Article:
The NSW Government has pledged $5 million to boost Australia's bid to host a historic Women's Rugby World Cup in Newcastle and the Hunter in 2021.
Rugby Australia is vying to bring the women's World Cup to the southern hemisphere for the first time in the event's history and has chosen Newcastle and the iconic wine-making region on its doorstep as the proposed host city.
The Berejiklian Government will announce on Wednesday that it will commit $5 million to a women's World Cup on Australian shores should Rugby Australia secure the winning votes at a World Rugby Council meeting later this year.
"We are committed to attracting world class sporting events not only for Sydney but regional NSW. Securing the 2021 Women’s Rugby World Cup puts women’s sport front and centre in achieving our 10 World Cups in 10 years strategy," NSW Minister for Sport Stuart Ayres said.
"This bid aligns with our commitment to foster the growth of women’s sport and follows on from the success of the Women’s Rugby League World Cup 2017 and the 2017 Women’s Ashes Series in NSW."
The commitment comes on the back of a $300,000 pledge from the Federal Government to help Rugby Australia prepare the bid itself, which is due on Friday.
About 360 athletes from 11 countries would descend on the Newcastle and Hunter region for the event, which is projected to bring with it a $23 million boost to the NSW economy.
Australia will be going up against close friends and rivals New Zealand to host the event, plus France, England and Wales.
RA is also bidding for the men's World Cup in 2027. RA are also bidding for the 2027 men's Rugby World Cup, the third biggest sporting event in the world behind the FIFA World Cup and the Olympics. The World Cup was last held in the southern hemisphere in 2011, when the All Blacks beat France to claim the William Webb Ellis trophy on home soil.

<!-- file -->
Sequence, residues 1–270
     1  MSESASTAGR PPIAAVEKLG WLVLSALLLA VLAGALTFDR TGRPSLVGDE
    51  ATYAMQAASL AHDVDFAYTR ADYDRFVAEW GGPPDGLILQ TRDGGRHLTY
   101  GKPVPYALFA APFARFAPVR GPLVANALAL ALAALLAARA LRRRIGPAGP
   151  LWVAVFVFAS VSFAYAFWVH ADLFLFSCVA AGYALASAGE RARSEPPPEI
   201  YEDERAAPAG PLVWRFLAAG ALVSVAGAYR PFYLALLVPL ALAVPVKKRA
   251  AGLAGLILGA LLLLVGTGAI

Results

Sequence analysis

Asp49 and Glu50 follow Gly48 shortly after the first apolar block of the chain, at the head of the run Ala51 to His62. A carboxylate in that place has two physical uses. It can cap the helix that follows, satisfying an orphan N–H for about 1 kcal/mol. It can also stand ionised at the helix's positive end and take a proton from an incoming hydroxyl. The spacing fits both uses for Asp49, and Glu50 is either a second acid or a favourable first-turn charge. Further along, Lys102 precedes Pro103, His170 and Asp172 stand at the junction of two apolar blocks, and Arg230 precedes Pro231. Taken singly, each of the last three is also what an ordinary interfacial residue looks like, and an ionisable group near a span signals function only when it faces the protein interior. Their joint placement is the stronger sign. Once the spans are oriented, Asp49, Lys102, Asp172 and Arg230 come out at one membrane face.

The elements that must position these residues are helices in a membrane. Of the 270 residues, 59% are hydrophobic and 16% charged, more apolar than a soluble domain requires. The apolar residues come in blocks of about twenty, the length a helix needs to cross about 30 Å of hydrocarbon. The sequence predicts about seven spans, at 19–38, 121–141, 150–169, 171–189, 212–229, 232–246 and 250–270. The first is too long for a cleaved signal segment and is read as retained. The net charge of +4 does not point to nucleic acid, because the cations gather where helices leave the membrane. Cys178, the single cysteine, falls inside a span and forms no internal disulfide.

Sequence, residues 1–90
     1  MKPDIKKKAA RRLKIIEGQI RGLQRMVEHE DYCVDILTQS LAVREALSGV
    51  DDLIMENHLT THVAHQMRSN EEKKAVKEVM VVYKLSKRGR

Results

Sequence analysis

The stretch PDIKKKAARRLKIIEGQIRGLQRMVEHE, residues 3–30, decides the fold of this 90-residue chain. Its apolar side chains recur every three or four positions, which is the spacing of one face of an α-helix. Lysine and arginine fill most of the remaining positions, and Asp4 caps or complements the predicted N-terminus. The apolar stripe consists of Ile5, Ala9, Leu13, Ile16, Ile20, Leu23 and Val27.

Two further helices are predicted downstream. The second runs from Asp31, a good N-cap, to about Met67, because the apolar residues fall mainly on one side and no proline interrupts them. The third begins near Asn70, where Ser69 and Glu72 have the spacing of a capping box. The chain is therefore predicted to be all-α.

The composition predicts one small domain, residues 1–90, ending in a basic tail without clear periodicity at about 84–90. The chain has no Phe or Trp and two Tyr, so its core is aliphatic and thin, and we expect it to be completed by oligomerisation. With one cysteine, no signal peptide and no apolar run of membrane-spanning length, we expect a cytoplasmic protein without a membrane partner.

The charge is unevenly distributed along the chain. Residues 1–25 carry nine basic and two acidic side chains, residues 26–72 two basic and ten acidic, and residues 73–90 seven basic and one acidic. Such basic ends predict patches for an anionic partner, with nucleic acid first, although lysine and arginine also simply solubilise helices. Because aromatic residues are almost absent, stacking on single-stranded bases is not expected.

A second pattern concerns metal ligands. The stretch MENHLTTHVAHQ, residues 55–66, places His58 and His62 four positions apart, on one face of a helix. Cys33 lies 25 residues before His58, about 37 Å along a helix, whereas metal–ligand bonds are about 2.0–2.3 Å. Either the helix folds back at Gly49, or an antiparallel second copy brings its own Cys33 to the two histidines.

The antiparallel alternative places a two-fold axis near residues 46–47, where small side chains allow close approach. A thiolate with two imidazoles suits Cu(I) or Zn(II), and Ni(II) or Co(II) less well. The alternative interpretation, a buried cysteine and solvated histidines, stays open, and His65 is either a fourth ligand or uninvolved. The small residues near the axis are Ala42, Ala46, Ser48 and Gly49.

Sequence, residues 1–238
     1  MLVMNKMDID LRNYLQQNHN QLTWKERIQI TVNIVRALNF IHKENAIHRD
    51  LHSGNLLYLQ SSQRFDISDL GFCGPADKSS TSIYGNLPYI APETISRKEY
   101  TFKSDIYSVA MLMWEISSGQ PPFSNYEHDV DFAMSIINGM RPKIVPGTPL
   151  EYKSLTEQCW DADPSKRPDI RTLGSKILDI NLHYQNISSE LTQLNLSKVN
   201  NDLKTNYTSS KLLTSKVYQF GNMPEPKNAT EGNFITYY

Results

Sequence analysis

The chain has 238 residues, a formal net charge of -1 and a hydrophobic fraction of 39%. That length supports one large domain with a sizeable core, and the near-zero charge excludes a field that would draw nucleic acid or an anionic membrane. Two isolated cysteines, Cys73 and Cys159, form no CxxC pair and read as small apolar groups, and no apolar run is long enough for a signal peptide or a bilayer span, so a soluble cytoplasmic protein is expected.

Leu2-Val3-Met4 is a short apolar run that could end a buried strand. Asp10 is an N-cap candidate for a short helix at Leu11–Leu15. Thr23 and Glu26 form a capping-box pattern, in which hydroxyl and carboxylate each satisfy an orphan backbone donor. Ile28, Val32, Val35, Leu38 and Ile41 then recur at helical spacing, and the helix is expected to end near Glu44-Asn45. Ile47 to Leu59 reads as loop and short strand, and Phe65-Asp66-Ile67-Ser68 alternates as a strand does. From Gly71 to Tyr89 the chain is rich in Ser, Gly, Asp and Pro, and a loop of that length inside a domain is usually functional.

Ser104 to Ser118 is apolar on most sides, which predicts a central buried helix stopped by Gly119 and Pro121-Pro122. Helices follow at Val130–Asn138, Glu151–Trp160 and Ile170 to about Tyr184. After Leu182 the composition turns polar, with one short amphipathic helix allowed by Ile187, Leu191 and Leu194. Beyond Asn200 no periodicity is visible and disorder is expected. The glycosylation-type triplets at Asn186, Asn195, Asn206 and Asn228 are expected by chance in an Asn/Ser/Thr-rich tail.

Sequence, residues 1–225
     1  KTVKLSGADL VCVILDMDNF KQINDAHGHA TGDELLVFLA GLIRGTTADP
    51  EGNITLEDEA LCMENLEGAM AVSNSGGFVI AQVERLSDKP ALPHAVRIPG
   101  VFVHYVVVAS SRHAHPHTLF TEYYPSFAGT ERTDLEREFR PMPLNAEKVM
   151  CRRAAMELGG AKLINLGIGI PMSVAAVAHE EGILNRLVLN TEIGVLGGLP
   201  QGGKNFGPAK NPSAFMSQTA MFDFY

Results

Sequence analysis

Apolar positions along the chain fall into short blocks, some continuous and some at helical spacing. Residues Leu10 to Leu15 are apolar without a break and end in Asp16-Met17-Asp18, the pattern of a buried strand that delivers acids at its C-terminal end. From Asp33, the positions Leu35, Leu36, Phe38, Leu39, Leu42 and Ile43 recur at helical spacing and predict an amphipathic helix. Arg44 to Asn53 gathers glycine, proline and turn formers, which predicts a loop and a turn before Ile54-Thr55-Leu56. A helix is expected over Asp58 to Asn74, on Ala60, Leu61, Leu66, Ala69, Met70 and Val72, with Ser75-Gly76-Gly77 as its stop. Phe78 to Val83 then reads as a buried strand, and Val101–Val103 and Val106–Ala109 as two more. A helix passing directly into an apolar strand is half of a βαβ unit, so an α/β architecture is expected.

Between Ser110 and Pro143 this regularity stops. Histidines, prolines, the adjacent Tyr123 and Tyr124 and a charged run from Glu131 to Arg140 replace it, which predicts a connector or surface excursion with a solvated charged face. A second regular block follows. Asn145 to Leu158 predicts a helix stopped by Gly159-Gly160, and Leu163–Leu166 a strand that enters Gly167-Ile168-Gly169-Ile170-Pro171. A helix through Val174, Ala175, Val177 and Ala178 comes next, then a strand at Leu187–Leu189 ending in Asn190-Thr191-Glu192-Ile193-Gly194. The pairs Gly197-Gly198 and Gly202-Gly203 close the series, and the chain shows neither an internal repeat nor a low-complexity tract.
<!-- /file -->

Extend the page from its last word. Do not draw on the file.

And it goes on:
RA is hoping its mix of a world-class stadium, a vibrant city-by-the-sea location and the chance to provide a bona fide athletes' village experience in the Hunter Valley will prove the trump card. It is understood bid organisers want to break the attendance record of 23,000 set at the Women's World Cup final in France in 2014. Matches would be played at Maitland Sportsground and Newcastle Sportsground No.2, with the finals to be held at the 33,000-capacity McDonald Jones Stadium.
The funding pledge comes two days after RA chief executive Raelene Castle told the NSW Parliament's stadiums inquiry that Allianz Stadium facilities were "embarrassing" in a time when women's sport was growing in popularity.
"...We have just moved to a format where double-headers are going to be very important. Our women's Wallaroos team and our Wallabies team playing, particularly in a Bledisloe Cup against our counterparts there [at Allianz Stadium] ... is almost impossible because there is not enough change room flexibility," Castle said.
"When we have the Sydney 7s we have to use the cricket ground facilities and transport teams back and forward because we do not have the facilities to rotate them through. The facilities at Allianz are, both from a back of house, player, high performance perspective, not even world-class. In fact they are unacceptable."
The past three years have seen an explosion in opportunities for top-level female athletes in Australia, from the professionalisation of women's sevens rugby, the advent of the AFLW and major improvements to competitions and pay in the more established women's sports of netball, cricket and football. The NRL will also launch a four-team Women's Premiership this year.